The Voices of the Unheard

Eric Garner, Samuel Dubose, Philando Castile, Michael Brown, Tamir Rice, Breonna Taylor, Ahmaud Arbery, Trayvon Martin, Oscar Grant, Sandra Bland, Walter Scott, Terrance Crutcher, George Floyd. We whisper their names like a rosary, like a mantra, like a prayer. We scream them like a war cry as we raise our fists to the sky. These are just a few: just drops in a rainstorm. So many have gone uncounted, unknown, unrecognized for what they endured. Repeat their names over and over again until society has no choice but to listen, until they stand up in solidarity and shout back into the void “No more names, no more death, I can’t breath.”

I have struggled with writing this post: not because I am afraid to speak out for what I believe in, but because I believe my role in all of this is to be a tool, a megaphone to amplify the voices that need to be heard far more than mine does. But on that note, silence can be dangerous and disingenuous. So I stand in solidarity and attempt to allow enough space for those who need to speak safely and freely.

Perhaps I’m being naive, but this moment feels different than the ones that preceded it. The spark is catching and those who once looked away can’t take their eyes off the flames. The focus is finally shifting from ‘thoughts and prayers’ to action and debate. It is solid and unmoving as the crowds hold out their phones and show us what this fight is all about.

I keep hearing people say, “What happened is awful, but that’s no reason to go around destroying things. They should be peaceful.” I’ve heard it so many times, in fact, that it feel vitally important to address right off the top.

You cannot condemn the riots without recognizing your role in their creation. Martin Luther King once said that the riot is the language of the unheard. Attempts were made at peaceful: they didn’t work. Colin Kaepernick took a knee for the cause. He and many like him were ridiculed, threatened, and their careers were destroyed. His message was hijacked and twisted to be about the military and patriotism. His platform was ripped out from under him, and his voice was silenced by the crowd that didn’t want to hear his truth. No one wanted to listen, it was simpler to divert away from the real issue and pretend it was about something else. It was easier to cling to outrage over a nonexistent problem instead of addressing the inherent racism in our collective system. If we had heard his words then, maybe things wouldn’t be like this now.

When a person is more outraged by the destruction of property than by the violent death of a human being: that is where the problem is. When you make statements that minimize murder and refocus the conversation on property damage- you have to take a hard look at why. Is it because the topic of racism is too difficult? Talk about it anyway. You have an obligation to. Are you saying these things because this chaos scares you? Because it creeps a little bit closer to your happy sphere in the world? Good- that’s the point. Now imagine the fear that led to these actions. Think about the cause- and remember that this has been happening for centuries and we refused to listen. Some issues are too important to accept silence on.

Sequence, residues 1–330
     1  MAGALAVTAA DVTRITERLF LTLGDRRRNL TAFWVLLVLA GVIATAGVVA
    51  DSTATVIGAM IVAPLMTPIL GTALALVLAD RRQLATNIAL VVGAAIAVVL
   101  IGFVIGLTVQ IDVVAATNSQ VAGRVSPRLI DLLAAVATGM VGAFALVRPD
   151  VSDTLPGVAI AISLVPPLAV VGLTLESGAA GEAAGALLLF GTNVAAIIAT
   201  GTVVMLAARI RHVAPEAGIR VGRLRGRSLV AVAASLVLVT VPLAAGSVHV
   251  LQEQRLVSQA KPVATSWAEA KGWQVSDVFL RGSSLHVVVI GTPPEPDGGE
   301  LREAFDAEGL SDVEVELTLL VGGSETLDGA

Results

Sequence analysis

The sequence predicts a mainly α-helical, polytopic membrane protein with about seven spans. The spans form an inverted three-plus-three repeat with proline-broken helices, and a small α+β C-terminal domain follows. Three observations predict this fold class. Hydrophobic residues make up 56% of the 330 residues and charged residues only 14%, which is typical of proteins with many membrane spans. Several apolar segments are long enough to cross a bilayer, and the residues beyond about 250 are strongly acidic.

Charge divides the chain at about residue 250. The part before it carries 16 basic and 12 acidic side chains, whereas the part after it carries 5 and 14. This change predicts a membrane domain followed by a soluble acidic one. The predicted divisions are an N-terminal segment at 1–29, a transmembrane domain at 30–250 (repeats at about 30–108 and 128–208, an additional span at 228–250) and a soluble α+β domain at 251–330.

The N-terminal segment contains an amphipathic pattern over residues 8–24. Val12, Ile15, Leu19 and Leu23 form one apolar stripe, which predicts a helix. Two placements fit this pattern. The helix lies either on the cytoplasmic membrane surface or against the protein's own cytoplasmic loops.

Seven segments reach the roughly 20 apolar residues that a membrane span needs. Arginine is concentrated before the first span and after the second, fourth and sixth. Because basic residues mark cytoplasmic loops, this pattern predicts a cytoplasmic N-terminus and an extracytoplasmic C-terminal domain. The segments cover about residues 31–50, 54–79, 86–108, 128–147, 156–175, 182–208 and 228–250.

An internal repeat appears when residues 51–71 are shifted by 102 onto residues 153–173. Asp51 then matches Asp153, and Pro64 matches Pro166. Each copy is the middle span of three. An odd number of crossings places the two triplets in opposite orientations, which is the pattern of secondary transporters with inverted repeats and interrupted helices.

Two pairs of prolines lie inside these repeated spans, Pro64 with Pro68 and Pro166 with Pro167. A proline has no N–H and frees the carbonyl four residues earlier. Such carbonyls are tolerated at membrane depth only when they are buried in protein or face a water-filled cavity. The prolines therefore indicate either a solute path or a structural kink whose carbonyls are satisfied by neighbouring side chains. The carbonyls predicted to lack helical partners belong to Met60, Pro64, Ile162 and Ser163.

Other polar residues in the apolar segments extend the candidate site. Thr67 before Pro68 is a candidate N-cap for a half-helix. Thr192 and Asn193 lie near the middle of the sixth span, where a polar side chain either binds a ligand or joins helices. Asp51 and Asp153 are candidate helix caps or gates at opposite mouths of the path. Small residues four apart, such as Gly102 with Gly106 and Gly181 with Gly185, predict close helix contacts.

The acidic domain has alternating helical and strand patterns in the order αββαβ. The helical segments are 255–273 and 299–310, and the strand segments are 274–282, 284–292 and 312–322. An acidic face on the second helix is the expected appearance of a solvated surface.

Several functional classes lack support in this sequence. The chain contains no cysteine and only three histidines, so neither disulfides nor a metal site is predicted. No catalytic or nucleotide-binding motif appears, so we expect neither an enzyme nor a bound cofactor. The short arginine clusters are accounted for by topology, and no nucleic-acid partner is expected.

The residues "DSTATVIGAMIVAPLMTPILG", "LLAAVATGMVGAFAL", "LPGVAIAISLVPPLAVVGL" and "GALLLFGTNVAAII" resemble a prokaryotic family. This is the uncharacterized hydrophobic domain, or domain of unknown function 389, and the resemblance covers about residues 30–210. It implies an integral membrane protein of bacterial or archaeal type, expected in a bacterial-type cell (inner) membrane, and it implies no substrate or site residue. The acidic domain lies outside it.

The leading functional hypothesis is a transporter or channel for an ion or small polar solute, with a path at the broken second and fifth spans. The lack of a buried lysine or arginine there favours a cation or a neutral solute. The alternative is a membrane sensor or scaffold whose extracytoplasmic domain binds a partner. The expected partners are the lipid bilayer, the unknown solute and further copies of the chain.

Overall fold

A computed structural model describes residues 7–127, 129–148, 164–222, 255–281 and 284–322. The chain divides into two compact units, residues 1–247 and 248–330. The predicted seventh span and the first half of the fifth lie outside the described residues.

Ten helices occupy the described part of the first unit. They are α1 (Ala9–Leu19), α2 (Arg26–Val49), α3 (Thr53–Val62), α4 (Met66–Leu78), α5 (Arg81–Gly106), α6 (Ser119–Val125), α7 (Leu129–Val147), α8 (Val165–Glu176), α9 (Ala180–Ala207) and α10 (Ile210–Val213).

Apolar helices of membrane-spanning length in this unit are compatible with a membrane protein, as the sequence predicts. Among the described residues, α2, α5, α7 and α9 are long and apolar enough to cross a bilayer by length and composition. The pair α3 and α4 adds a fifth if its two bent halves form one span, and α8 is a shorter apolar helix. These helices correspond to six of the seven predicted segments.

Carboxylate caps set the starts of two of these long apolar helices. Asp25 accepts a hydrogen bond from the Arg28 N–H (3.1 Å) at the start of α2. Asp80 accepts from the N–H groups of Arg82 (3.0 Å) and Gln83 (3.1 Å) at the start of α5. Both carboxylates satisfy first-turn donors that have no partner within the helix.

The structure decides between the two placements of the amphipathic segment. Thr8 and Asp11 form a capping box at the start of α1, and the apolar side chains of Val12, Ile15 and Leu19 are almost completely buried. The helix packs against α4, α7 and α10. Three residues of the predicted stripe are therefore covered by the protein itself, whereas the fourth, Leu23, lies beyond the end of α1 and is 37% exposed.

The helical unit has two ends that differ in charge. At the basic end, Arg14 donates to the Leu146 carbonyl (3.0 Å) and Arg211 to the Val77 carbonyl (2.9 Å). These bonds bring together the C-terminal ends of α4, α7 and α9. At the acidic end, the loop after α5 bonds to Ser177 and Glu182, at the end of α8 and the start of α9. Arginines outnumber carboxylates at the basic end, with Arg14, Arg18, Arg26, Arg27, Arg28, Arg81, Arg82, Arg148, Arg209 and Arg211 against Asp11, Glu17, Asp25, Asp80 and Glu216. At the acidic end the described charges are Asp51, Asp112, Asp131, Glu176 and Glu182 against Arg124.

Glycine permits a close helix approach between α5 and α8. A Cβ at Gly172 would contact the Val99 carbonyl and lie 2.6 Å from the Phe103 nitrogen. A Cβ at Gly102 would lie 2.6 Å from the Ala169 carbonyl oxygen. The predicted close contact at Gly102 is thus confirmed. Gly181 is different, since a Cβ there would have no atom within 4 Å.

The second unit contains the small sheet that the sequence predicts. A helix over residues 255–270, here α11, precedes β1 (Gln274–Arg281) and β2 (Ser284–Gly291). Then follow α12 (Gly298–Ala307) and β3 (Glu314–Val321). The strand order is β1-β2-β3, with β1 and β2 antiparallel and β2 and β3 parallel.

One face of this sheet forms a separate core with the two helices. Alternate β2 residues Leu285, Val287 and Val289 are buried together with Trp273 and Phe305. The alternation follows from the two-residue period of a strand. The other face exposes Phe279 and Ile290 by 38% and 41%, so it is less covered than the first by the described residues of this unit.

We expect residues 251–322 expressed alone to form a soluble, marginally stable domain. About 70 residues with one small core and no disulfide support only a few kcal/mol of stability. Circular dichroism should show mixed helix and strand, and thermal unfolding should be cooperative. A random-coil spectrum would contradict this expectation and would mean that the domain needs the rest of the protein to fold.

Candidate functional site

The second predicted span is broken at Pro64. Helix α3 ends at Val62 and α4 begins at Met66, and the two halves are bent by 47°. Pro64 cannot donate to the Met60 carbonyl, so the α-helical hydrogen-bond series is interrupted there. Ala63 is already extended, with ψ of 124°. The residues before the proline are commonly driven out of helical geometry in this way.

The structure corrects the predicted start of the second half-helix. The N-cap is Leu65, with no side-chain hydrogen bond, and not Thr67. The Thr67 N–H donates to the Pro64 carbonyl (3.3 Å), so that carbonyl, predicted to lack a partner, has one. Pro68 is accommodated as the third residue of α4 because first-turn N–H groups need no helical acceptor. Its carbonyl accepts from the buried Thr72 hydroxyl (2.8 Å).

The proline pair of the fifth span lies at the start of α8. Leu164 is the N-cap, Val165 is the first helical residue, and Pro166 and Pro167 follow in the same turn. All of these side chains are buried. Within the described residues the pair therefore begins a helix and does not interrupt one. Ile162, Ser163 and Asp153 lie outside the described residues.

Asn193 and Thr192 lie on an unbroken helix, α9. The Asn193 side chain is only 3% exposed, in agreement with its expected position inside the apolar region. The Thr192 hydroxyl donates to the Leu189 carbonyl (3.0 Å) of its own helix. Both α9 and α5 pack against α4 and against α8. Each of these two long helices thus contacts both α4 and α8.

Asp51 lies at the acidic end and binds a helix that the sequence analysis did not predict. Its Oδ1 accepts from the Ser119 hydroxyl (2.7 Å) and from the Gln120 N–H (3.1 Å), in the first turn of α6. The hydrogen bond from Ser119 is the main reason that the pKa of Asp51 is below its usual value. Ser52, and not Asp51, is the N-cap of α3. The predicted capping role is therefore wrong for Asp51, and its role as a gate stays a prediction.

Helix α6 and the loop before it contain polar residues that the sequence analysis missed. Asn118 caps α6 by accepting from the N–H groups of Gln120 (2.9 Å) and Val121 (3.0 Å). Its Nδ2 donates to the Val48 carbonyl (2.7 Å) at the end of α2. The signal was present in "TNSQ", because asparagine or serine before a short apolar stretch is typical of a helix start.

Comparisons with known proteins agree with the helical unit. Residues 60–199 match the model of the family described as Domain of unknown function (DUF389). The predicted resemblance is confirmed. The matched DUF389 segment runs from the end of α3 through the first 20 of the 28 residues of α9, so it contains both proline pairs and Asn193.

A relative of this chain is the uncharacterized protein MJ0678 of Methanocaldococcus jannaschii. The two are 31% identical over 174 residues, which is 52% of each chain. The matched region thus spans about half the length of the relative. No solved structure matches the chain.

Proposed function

I’m not saying that all civil servants or people in positions of power are bad, because I genuinely don’t believe that. But it’s also fair to say that we don’t invest in the type of education needed when dealing with humanity at its best and worst. Would it be too far-fetched to require a police officer to take the same courses expected of a social worker? I don’t think so.

We have an obligation to recognize the racism that has been built into every system we have. It goes back generations and is so engrained in the way that we function as a society that those who aren’t victims of it might not even realize that anything is amiss. If you don’t know what I’m talking about, let’s pick a pretty recent example that allows for some compare and contrast.

Last month we saw a lot of Stay-Home protests where predominantly white groups showed up to government buildings with rifles strapped to their chests. There are pictures online of them standing nose to nose with the police screaming in their faces while holding guns. Can you imagine a world in which a black man or woman could do that without being killed?

I find it a bit terrifying when you have a group of people making a valid complaint about police brutality, and the best response that those in power can come up with is a further show of force. I have participated in protests before, I have been a part of a rally. I have marched while repeating the chant of my group as we stood up for a cause we believed in. But I have never faced an officer in riot gear. I have never feared that the baton they carried would aim for me. I have never dealt with pepper spray, tear gas, or rubber bullets. Because it seems to me that these tactics are far too often called upon when it’s black lives in the streets. When fear and oppression is the language of the powerful, how do you expect to find change? You demand a revolution.

Photo captured thousands laying across Burnside Bridge in Portland with their hands behind their backs in protest of police brutality and the death of George Floyd.

Author: katiebell318

I'm a 28 year old unknown writer who spends her day job working in the courts (rest assured- that place is stranger than any fiction I could write). I love reading, writing, random crafts, baking and hiking. I have a fiance and two fur babies (one kitten and one German Sheppard puppy) who make up my little family. learning to step out of my comfort zone and start checking things off my dusty old bucket list.

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